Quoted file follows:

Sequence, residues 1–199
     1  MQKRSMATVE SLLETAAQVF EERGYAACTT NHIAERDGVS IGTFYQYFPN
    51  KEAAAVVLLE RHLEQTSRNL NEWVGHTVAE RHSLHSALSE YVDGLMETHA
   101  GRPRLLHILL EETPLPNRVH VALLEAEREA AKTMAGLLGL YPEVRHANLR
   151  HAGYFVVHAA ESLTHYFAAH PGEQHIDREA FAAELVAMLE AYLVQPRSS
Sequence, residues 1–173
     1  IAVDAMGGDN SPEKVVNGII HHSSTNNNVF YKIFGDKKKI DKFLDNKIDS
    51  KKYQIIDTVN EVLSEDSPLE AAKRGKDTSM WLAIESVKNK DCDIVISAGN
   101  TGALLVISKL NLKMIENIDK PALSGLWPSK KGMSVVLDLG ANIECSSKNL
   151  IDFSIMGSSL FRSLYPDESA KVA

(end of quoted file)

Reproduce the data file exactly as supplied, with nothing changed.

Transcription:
Sequence, residues 1–199
     1  MQKRSMATVE SLLETAAQVF EERGYAACTT NHIAERDGVS IGTFYQYFPN
    51  KEAAAVVLLE RHLEQTSRNL NEWVGHTVAE RHSLHSALSE YVDGLMETHA
   101  GRPRLLHILL EETPLPNRVH VALLEAEREA AKTMAGLLGL YPEVRHANLR
   151  HAGYFVVHAA ESLTHYFAAH PGEQHIDREA FAAELVAMLE AYLVQPRSS
Sequence, residues 1–173
     1  IAVDAMGGDN SPEKVVNGII HHSSTNNNVF YKIFGDKKKI DKFLDNKIDS
    51  KKYQIIDTVN EVLSEDSPLE AAKRGKDTSM WLAIESVKNK DCDIVISAGN
   101  TGALLVISKL NLKMIENIDK PALSGLWPSK KGMSVVLDLG ANIECSSKNL
   151  IDFSIMGSSL FRSLYPDESA KVA